Airlink will restart scheduled services between South Africa and Madagascar after they were
suspended for almost three years. The resumption of flights linking Johannesburg with Antananarivo follows the lifting of Madagascar’s COVID-19 travel restrictions and a subsequent ban on air services to and from South Africa. The ban was put in place by the Madagascar government in April last year in response to the 2020 arrest at OR Tambo International Airport of three Malagasay nationals attempting to smuggle 73,5 kg of gold bullion and US$20 000 (R344 705) in cash.
“Airlink, as the designated South African carrier to Madagascar, welcomes the Madagascar government’s lifting of the prohibition which lets us re-establish these air services that are vitally important economic, trade and tourism connections between the two countries. We are looking forward to re-connecting South Africa with Madagascar and resuming our role in supporting the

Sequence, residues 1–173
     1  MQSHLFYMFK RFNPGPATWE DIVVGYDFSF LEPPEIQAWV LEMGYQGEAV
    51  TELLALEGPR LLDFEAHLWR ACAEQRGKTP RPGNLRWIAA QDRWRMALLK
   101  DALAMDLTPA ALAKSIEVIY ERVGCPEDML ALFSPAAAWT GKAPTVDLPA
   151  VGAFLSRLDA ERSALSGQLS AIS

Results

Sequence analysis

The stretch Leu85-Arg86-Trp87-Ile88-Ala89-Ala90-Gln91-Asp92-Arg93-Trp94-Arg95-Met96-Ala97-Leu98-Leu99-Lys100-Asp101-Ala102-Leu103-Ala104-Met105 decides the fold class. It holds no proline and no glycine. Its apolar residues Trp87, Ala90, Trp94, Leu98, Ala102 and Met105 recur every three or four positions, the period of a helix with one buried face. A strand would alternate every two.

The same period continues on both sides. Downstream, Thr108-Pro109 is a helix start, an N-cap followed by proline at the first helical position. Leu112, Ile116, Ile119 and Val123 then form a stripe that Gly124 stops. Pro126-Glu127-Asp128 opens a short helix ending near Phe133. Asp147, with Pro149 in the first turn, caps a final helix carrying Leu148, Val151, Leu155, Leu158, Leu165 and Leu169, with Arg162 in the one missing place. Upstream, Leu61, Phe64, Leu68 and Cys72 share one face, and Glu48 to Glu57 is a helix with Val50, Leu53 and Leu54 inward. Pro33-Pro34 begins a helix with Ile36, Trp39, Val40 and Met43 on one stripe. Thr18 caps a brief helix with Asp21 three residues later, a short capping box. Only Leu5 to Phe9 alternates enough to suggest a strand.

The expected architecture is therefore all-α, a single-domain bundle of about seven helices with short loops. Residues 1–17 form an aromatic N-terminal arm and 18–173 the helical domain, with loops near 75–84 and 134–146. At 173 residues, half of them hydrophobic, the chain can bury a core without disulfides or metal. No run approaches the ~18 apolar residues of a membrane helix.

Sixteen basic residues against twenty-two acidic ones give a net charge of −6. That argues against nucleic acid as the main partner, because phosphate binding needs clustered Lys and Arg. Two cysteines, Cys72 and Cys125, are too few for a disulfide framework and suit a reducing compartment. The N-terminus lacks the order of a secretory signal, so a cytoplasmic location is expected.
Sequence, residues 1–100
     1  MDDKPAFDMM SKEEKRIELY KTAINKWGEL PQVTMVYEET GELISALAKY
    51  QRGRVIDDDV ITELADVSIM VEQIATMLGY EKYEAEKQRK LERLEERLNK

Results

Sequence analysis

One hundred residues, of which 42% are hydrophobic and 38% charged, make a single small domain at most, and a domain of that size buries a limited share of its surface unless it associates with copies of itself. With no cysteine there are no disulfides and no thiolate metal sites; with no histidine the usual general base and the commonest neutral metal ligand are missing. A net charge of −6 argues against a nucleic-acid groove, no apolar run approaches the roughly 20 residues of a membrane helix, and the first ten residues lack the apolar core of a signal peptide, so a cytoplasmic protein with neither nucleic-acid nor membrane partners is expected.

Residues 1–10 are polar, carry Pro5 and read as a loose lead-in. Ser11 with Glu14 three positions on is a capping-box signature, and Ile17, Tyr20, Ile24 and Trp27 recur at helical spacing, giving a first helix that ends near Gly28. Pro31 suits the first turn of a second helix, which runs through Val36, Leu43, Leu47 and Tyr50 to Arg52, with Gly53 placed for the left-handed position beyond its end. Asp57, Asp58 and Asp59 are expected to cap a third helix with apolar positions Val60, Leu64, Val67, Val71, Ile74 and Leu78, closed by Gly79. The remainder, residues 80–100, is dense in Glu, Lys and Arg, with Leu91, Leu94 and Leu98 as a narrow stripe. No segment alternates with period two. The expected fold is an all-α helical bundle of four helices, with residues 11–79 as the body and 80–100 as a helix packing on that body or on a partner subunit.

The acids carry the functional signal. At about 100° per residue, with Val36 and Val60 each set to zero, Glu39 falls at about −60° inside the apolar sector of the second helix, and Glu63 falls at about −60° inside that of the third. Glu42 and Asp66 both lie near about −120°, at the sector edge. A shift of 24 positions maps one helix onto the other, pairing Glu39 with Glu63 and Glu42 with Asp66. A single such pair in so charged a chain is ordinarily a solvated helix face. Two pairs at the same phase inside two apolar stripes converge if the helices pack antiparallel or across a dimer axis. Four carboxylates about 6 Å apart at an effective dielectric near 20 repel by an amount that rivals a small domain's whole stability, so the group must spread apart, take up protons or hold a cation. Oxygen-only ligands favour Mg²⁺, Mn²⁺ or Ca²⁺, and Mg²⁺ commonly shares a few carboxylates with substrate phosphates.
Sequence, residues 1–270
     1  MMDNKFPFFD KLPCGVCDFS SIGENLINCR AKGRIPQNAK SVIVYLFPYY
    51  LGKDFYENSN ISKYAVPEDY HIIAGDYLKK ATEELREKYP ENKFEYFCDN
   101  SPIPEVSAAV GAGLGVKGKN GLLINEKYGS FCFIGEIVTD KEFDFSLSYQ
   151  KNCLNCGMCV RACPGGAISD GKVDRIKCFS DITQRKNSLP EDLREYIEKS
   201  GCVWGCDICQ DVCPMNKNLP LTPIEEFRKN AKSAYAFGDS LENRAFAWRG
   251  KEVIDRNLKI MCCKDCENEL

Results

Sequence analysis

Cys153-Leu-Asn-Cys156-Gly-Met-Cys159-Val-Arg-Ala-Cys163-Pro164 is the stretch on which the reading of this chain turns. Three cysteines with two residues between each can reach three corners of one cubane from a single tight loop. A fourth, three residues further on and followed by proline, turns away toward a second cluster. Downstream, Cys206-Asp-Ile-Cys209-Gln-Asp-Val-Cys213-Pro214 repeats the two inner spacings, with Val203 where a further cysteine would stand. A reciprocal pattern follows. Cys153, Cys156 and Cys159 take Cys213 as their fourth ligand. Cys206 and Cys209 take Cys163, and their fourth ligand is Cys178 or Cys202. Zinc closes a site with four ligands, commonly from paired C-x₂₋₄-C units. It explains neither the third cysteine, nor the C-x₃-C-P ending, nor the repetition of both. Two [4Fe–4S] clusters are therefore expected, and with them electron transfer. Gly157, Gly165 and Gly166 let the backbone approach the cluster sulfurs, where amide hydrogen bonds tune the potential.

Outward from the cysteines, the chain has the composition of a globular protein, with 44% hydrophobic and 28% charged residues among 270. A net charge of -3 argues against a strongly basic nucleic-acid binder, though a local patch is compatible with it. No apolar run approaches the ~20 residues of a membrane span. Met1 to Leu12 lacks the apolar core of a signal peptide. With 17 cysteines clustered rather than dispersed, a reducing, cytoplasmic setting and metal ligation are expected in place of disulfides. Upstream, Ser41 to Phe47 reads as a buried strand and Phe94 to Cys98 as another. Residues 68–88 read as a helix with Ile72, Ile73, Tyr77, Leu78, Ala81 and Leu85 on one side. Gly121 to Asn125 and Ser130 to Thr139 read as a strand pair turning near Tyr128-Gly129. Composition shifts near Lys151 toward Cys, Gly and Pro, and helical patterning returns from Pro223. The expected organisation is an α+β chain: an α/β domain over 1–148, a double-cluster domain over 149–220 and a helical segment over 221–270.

recovery of ties between the two markets,” said Airlink CEO and MD, Rodger Foster.
South Africa is an important source market and supply-chain link for Madagascar’s business and leisure tourism sectors. Johannesburg’s OR Tambo International Airport is well-positioned for Madagascar-based businesses and travellers to access destinations within Southern Africa
and in conjunction with Airlink’s airline partners, destinations in the Americas, UK and Europe.
Airlink will operate its flagship Embraer E-Jet airliners on the Johannesburg-Antananarivo route. The Johannesburg-Antananarivo service will recommence on January 30 with a single weekly flight on Mondays, increasing to three flights weekly from February 14 with the intention of
reinstating daily services as demand increases.
Antananarivo, as Madagascar’s capital and main commercial and economic hub, is Airlink’s immediate priority. The resumption of services to Nosy-Be will be considered in due course. Nosy-Be is an increasingly popular and unique Indian Ocean beach destination renowned for its pristine flora and unique fauna, which include whale sharks and lemurs.
About The Author: David DiGregorio
More posts by David DiGregorio